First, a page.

General Chemistry

In the previous post, we talked about molarity which is the ratio of the moles of solute over the volume of the solution.

For example, if we dissolve  43.6 g K2SO4 in 1 L of water, the molarity of the salt is:


\[{\rm{n}}\;{\rm{(}}{{\rm{K}}_{\rm{2}}}{\rm{S}}{{\rm{O}}_{\rm{4}}}{\rm{)}}\;{\rm{ = }}\;{\rm{43}}{\rm{.6}}\;{\rm{g}}\;{\rm{ \times }}\;\frac{{{\rm{1}}\;{\rm{mol}}}}{{{\rm{174}}{\rm{.3}}\;{\rm{g}}}}{\rm{ = }}\;{\rm{0}}{\rm{.250}}\;{\rm{mol}}\]

\[{\rm{M}}\,{\rm{(}}{{\rm{K}}_{\rm{2}}}{\rm{S}}{{\rm{O}}_{\rm{4}}}{\rm{) = }}\;\frac{{\rm{n}}}{{\rm{V}}}\;{\rm{ = }}\;\frac{{{\rm{0}}{\rm{.250}}\;{\rm{mol}}}}{{{\rm{1}}\;{\rm{L}}}}\;{\rm{ = }}\;{\rm{0}}{\rm{.250}}\,M\]


However, we know that when a strong electrolyte is dissolved in water, it dissociates into ions and the salt does not exist in the solution in its molecular form.

The concentration of the ions can be calculated from the concentration of the salt. For this, we need to identify how many of each ion appears in one molecule of the salt. So, for K2SO4, there are two K+ and one SO42- ion. You can also see this by writing the dissociation equation:


K2SO4(aq)  →  2K+(aq) + SO42-(aq)


Therefore, 0.250 M K2SO4 will produce two times more K+ ions and the same concentration of SO42- ions. The total concentration of all the ions will be 0.500 M K+ and 0.250 M SO42- = 0.750 M.


The concentration of an ion or the total ionic concentration can also be done using molar conversions.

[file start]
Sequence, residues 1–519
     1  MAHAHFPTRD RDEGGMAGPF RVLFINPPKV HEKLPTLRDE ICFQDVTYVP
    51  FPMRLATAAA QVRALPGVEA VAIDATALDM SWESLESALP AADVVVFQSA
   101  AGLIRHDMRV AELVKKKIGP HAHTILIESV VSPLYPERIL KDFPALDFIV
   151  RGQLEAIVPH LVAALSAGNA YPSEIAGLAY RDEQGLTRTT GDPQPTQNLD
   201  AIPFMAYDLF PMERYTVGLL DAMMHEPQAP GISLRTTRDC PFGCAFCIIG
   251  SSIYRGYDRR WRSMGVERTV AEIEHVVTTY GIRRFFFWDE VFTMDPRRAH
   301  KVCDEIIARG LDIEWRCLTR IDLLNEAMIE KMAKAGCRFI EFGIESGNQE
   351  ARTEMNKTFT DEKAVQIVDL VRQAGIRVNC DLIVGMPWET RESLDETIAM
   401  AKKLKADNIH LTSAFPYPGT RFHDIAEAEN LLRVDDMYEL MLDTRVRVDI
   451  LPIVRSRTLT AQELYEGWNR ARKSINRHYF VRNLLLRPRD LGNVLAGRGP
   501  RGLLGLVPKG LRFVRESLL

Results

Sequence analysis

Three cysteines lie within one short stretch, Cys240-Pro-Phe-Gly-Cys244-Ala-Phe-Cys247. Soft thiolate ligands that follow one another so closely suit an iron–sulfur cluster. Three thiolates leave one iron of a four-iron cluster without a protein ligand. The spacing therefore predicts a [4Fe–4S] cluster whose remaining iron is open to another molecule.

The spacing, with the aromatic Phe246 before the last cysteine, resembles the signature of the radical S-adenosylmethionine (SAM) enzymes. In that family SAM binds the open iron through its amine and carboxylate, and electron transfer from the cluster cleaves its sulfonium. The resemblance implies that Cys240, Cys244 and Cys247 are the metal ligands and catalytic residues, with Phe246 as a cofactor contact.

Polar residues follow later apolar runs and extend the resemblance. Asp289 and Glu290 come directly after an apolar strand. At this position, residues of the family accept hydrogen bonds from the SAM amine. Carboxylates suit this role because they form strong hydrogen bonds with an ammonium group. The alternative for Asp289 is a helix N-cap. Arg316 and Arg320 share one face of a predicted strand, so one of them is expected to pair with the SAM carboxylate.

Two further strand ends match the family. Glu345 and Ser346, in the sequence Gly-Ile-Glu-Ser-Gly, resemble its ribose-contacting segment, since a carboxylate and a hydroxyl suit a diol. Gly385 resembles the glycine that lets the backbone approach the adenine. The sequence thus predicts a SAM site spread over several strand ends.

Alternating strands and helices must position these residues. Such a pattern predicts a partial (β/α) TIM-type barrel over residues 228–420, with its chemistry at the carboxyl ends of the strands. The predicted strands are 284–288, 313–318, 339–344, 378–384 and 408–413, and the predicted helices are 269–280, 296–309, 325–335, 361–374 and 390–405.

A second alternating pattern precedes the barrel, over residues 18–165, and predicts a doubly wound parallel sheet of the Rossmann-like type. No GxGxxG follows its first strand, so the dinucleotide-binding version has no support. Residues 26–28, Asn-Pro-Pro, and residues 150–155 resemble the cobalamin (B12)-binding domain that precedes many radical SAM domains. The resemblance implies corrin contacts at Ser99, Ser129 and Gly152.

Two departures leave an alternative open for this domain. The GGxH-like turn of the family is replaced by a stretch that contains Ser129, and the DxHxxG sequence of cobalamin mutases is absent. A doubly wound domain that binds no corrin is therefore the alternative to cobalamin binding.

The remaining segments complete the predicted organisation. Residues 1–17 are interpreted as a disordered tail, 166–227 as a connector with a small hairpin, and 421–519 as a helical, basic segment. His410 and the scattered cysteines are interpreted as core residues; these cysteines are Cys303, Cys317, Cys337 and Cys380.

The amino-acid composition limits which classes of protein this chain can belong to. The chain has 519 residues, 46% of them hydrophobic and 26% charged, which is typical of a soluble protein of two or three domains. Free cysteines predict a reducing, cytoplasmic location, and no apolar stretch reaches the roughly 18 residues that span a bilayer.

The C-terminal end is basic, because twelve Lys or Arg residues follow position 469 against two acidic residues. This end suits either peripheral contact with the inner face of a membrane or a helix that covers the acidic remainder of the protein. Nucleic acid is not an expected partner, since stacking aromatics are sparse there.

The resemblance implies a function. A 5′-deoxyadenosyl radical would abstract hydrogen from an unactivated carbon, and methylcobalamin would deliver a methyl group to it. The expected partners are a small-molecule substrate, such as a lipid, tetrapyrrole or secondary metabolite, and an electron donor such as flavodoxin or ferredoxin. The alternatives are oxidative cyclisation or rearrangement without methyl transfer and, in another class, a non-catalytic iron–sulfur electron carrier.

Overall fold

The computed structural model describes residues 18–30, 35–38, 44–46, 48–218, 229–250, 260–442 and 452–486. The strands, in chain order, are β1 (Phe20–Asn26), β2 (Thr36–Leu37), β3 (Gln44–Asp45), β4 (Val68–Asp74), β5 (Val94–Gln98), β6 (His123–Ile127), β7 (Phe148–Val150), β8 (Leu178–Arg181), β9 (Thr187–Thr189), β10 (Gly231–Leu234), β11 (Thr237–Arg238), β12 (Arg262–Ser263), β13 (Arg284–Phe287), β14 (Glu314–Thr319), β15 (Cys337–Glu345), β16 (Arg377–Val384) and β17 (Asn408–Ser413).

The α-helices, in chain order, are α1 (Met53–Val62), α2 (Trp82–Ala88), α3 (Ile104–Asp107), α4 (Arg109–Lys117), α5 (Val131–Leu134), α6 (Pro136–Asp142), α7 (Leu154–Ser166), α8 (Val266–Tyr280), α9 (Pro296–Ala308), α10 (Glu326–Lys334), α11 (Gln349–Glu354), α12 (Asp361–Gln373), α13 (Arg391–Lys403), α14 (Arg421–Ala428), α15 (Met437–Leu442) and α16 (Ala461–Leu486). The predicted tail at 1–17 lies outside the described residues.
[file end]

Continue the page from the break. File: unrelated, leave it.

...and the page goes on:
For the concentration of K+ ions, we will have:


\[{\rm{M}}\;{\rm{(}}{{\rm{K}}^{\rm{ + }}}{\rm{)}}\;{\rm{ = }}\;\frac{{{\rm{0}}{\rm{.250}}\;\cancel{{{\rm{mol}}\;{{\rm{K}}_{\rm{2}}}{\rm{S}}{{\rm{O}}_{\rm{4}}}}}}}{{{\rm{1}}\;{\rm{L}}}}\;{\rm{ \times }}\,\frac{{{\rm{2}}\;{\rm{mol}}\;{{\rm{K}}^{\rm{ + }}}}}{{{\rm{1}}\;\cancel{{{\rm{mol}}\;{{\rm{K}}_{\rm{2}}}{\rm{S}}{{\rm{O}}_{\rm{4}}}}}}}\, = \;0.500\;M\]


For the total concentration of all ions:


\[{\rm{M}}\;{\rm{(Ions)}}\;{\rm{ = }}\;\frac{{{\rm{0}}{\rm{.250}}\;\cancel{{{\rm{mol}}\;{{\rm{K}}_{\rm{2}}}{\rm{S}}{{\rm{O}}_{\rm{4}}}}}}}{{{\rm{1}}\;{\rm{L}}}}\;{\rm{ \times }}\,\frac{{{\rm{3}}\;{\rm{mol}}\;{\rm{ions}}}}{{{\rm{1}}\;\cancel{{{\rm{mol}}\;{{\rm{K}}_{\rm{2}}}{\rm{S}}{{\rm{O}}_{\rm{4}}}}}}}\, = \;0.750\;M\]


Check Also




What is the total concentration of ions in a solution prepared by dissolving 60.08 g of AlCl3 in enough water to make 600. mL of solution?


3.00 mol/L Al3+ and Cl



How many potassium ions are present in 350. mL of 0.150 M K3PO4 solution? Consider K3PO4 as a strong electrolyte and ignore the reaction of phosphate ion with water. The molar mass of potassium phosphate is 212.3 g/mol.


9.48 × 1022 potassium ions



Calculate the concentration of each ion and their total concentration in a solution prepared by dissolving 0.2500 mol of Ca(NO3)2 in 150.0 mL of water.


M (Ca2+)  = 1.667 mol/L

M (NO3)  =  3.334

Total concentration of all ions  =  5.0 M


First, let’s write down the dissociate equation of Ca(NO3)2:

Ca(NO3)2 → Ca2+ + 2NO3

Because each mole of Ca(NO3)2 produces one mol of Ca2+, their concentration is also going to be the same. To find the concentration of Ca(NO3)2, convert the volume from mL to L and use in the formula for molarity:

V (L) = 150.0 mL x 1 L/1000 mL = 0.1500 L

M (Ca(NO3)2) = n/V = 0.2500 mol / 0.1500 L = 1.667 mol/L

Therefore, the concentration of Ca2+ ions is also 1.667 mol/L.

On the other hand, each mole of Ca(NO3)produces 2 moles of NO3– ions. So, the concentration of NO3– ions = 2 x 1.667 mol/L = 3.334 mol/L.

The total concentration of all ions  = M (Ca2+) + M(NO3) = 1.667 M + 3.334 M = 5.0 M

Leave a Comment